Editorial Feature

Primary and Secondary Principal Planes

The principal planes are two hypothetical planes found in a lens system at which all the refraction is deemed to occur. The position of the principal planes are fixed and do not depend upon the position of the object.

Primary principal planes are typically denoted by H1 and H2  and is the surface of intersection of the rays emerging from the primary focal point of the lens and the emergent parallel rays when extended to intersect each other.

The thin lens equation may be used to determine the primary principal plane, but the value of the distance between the two principal planes cannot be calculated using this equation.

Determining the Primary Principal Surface

The principal planes of a lens system are the primary and the secondary planes. These planes are computed by measuring the amount of refraction occurring at each surface of a lens.

The direction of the light ray from the lens can be deduced accurately from the computed value of refraction. The principal plane can be constructed by extending the path of the refracted ray backward into the lens to the point where it meets the path of the incident ray. All the refraction occurs at these planes. The points where these planes intersect the optical axis are called principal points.

An important observation at the principal plane is that the ray emerging from the lens appears to have crossed the rear principal plane at the same distance from the axis as the ray crosses the front principal plane. The determination of the primary principal plane is important for determining the optical properties of the lens system. The magnification of the lens system can be calculated from the principal plane calculation. Calculation of the focal length is done with respect to the principal planes.

The Secondary Principal Plane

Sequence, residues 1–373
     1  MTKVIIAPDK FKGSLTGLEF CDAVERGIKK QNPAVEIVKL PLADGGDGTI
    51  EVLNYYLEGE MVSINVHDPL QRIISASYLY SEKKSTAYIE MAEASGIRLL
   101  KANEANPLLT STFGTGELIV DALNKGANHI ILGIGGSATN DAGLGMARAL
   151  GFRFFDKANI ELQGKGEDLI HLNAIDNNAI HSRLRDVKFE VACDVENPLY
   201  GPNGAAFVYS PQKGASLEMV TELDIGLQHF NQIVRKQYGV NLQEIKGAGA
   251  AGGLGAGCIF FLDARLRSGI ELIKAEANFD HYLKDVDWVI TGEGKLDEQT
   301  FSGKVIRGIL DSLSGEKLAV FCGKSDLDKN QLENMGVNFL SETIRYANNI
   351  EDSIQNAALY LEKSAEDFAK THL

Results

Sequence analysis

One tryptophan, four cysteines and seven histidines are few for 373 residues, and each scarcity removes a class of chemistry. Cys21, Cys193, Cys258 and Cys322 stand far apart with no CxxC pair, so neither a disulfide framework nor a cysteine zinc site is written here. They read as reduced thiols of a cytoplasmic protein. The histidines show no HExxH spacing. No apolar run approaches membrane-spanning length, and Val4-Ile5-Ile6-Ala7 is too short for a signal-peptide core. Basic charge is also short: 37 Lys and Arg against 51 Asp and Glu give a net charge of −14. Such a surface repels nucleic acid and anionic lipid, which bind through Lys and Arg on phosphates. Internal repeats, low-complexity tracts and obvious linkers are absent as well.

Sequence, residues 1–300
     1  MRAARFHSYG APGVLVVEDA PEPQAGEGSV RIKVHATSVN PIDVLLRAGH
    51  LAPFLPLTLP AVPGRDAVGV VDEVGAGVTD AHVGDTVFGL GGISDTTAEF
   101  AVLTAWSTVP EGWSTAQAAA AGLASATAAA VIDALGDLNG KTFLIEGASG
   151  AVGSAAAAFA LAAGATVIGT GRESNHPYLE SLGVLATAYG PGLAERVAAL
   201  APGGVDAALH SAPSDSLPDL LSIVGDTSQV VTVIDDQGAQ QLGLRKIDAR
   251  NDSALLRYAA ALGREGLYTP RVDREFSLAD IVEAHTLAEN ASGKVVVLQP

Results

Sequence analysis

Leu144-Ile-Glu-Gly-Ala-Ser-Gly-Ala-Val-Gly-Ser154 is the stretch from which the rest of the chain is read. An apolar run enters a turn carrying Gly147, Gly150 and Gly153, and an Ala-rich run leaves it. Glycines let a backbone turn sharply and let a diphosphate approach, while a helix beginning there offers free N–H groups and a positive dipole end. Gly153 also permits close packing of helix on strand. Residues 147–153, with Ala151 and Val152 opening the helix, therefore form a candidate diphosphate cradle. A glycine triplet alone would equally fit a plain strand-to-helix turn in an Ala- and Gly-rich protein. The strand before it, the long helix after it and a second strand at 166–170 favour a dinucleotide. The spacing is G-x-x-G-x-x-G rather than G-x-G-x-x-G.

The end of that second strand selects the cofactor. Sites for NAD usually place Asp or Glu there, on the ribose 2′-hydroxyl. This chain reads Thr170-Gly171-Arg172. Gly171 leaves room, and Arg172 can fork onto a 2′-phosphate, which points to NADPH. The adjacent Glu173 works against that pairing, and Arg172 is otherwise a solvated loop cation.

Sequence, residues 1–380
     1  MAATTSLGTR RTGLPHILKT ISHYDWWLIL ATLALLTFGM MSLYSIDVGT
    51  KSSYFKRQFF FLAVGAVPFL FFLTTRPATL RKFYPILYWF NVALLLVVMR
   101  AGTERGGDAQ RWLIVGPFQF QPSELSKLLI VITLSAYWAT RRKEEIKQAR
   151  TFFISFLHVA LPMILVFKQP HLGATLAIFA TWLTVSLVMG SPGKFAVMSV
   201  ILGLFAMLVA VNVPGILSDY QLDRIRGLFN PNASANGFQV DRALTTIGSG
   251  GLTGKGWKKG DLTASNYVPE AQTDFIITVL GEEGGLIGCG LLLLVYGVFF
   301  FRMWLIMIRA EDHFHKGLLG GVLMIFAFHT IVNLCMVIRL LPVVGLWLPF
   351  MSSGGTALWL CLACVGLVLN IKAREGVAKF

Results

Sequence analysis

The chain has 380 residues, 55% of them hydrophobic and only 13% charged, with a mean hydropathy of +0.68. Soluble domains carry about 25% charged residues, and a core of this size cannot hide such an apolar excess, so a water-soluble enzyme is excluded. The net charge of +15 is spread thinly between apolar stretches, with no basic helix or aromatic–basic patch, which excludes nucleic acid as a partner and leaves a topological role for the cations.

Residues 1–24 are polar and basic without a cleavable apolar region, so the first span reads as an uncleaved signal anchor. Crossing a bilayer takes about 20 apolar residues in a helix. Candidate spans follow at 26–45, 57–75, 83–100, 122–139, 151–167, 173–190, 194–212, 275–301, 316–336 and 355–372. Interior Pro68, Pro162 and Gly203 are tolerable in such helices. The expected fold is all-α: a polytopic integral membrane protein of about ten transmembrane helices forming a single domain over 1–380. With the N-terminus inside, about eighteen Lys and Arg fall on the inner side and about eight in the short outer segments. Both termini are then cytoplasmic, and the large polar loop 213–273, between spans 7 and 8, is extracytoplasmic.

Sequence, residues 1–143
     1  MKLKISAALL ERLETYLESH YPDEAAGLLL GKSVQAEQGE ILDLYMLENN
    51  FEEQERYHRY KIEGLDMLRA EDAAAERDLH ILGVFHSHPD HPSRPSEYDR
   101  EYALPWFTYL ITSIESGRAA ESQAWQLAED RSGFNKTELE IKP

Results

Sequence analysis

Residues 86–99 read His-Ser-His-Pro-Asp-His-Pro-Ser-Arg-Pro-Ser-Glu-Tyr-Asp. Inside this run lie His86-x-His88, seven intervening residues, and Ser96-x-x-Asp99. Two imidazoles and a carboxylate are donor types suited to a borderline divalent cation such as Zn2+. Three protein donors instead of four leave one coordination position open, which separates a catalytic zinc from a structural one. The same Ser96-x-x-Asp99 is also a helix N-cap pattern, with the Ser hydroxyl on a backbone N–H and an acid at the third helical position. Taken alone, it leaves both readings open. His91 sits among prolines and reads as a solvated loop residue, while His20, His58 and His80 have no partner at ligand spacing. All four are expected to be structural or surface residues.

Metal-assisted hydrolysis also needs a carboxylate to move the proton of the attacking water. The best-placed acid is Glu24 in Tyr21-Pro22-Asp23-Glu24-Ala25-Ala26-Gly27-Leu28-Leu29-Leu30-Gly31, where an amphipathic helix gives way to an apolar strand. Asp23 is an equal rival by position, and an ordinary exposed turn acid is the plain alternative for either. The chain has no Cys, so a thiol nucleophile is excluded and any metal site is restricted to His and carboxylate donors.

The secondary principal plane is typically denoted by H2. The values of primary and secondary principal planes can be calculated by using the thin lens equation; this, however, will not provide the value of the distance between the planes. The secondary principal plane is the surface of the intersection of the rays emerging from the secondary focal point of the lens and the emergent parallel rays when extended to intersect each other.

Determining the Secondary Principal Plane

The secondary principal plane is analogous to the primary principal plane but it refers to a collimated beam that is incident from the left and focused onto the back focal point on the right.

The secondary principal plane is determined to measure the amount of refraction occurring at each surface of a lens. The direction of the light ray from the lens can be deduced accurately from the computed value of refraction.

The secondary principal plane can be constructed by extending the path of the refracted ray backward into the lens to the point where it meets the path of the incident ray. All the refraction occurs at these planes. The points where these planes intersect the optical axis are called principal points.

The rays in that part of the beam nearest to the axis can be considered as once refracted at the second principal surface, rather than being refracted by both lens surfaces. The determination of principal planes is important for determining the optical properties of the lens system. Computation of these surfaces is instrumental in determining the magnification and the focal length of the system.

Sources and Further Reading

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